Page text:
Playing shows in basements, backyards and VFW halls the country over in its early years, the band had a DIY mentality long before it broke through to a larger audience. "The idea was that, for a long time, no one wanted to work with The Wonder Years so we said fuck it, we'll do it ourselves," Campbell says. "The idea was that we didn't need anyone else. We weren't looking for charity. We were just going to cowboy up and fucking do it."

Campbell, guitarists Matt Brasch and Casey Cavaliere, keyboardist/guitarist Nick Steinborn, bassist Joshua Martin and drummer Michael Kennedy have known what it's like to play to 10 kids in Salt Lake City…but their mindset hasn't changed, even when playing to 1,000 kids in Boston. This mentality and determination has resulted in The Wonder Years never taking a day off, always going the extra mile to interact with fans, playing emotionally draining live shows, and, most of all, leaving a legacy in their recorded music. The group is still "involved in every aspect of the band," according to Campbell, so everything that comes out is as good as it can be.

The Wonder Years graced the cover of Alternative Press, played an entire summer on the Vans Warped Tour, and opened for New Found Glory on the Pop Punk's Not Dead Tour to close out 2011. They opened 2012 in a huge way, with the Glamour Kills Tour, which Campbell called the band's "first big-boy headliner." Leading Polar Bear Club, Transit, The Story So Far, A Loss for Words and Into It. Over It. across the country for six weeks of sold-out shows proved that The Wonder Years are still growing, still making new friends, and still breaking new boundaries.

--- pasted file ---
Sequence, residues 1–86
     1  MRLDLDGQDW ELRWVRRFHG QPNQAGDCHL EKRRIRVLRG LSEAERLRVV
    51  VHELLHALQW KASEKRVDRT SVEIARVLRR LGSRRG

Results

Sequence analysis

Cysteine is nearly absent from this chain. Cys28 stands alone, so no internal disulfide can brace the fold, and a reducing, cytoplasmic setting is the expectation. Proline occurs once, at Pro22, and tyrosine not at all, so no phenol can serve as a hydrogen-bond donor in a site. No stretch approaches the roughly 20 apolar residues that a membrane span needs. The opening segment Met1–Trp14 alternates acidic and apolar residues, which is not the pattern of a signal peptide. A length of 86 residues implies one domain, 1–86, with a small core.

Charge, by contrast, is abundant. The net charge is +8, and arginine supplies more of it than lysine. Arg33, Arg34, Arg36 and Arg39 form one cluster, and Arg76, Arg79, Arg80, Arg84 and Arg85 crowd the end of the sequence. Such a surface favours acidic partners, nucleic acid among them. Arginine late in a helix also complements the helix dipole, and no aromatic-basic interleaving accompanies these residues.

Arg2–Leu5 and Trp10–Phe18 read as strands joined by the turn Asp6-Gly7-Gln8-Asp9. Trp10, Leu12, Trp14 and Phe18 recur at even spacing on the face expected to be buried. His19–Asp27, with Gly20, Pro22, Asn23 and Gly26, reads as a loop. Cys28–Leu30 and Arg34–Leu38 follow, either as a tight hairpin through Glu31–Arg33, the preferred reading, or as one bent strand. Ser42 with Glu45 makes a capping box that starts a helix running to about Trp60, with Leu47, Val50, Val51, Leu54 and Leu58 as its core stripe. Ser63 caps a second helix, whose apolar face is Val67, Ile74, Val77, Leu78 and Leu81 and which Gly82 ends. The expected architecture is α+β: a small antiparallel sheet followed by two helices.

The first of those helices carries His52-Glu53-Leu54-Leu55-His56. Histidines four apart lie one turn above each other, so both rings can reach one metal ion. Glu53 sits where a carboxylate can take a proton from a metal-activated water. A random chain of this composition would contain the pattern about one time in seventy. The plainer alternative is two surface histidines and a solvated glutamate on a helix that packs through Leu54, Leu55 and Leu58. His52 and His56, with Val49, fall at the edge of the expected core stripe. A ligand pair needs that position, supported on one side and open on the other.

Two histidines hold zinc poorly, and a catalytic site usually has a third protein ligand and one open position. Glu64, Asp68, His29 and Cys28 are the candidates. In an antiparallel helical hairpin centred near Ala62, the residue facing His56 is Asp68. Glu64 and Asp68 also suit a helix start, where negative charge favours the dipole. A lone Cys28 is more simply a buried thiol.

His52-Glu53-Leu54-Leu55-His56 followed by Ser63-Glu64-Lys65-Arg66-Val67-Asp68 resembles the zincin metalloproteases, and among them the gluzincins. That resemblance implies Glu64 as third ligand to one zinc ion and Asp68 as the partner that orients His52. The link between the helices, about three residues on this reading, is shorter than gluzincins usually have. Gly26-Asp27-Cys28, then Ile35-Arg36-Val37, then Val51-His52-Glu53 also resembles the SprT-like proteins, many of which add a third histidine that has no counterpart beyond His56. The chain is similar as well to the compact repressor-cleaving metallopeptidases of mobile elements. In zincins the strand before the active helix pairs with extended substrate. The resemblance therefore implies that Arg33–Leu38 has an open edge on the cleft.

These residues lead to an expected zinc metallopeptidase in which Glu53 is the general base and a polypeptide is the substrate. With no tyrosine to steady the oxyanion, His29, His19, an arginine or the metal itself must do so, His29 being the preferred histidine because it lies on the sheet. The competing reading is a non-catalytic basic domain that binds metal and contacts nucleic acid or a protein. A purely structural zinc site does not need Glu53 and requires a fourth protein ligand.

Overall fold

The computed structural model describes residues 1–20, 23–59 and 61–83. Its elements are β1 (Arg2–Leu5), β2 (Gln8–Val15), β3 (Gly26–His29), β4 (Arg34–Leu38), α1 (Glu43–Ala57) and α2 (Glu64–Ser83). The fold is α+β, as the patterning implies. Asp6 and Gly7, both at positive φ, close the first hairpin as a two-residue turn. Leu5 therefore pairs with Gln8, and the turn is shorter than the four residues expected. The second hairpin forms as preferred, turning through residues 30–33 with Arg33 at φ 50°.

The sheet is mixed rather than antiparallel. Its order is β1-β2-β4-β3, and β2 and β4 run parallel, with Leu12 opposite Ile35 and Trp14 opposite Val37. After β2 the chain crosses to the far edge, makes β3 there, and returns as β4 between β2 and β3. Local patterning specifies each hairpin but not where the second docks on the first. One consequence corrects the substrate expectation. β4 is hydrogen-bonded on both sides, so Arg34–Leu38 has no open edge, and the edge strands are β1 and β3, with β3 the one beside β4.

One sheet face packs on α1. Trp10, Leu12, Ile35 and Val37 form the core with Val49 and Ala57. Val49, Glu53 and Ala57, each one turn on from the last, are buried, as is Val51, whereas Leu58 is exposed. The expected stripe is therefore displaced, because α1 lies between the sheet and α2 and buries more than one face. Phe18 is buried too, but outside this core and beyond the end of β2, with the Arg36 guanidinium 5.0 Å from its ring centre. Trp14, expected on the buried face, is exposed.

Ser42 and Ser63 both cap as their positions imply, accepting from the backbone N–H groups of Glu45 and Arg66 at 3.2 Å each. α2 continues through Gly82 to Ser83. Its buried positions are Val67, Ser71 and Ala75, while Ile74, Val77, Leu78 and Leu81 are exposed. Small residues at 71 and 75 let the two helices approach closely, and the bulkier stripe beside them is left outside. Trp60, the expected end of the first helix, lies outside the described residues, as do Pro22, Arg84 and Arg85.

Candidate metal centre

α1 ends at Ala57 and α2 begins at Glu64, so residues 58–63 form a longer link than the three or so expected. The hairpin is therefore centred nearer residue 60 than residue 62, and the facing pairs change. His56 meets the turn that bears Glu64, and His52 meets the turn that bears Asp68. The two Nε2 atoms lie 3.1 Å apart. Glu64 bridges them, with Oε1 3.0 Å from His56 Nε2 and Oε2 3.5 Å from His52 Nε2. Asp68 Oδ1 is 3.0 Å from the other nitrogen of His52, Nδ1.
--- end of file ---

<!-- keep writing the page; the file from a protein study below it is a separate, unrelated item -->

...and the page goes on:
The band's current success can largely be traced to Suburbia. The album explores the concept of feeling displaced from your home among other concepts, providing a wealth of relatable lyricism for fans to delve into. "There's an understanding, at least in my high school English class, that the best authors write about what they know," Martin says. "We just write about what we know and what we feel because it makes the most sense to us. We just strive to write music and lyrics with substance."

The Wonder Years have become notable in the best way imaginable – by being themselves. By wearing their collective heart on their proverbial sleeve. And by taking every chance they get to win.

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A Day To Remember with All Time Low, Pierce The Veil, The Wonder Years

Monday, September 30 · Doors 6:00 PM / Show 6:45 PM at Pershing Center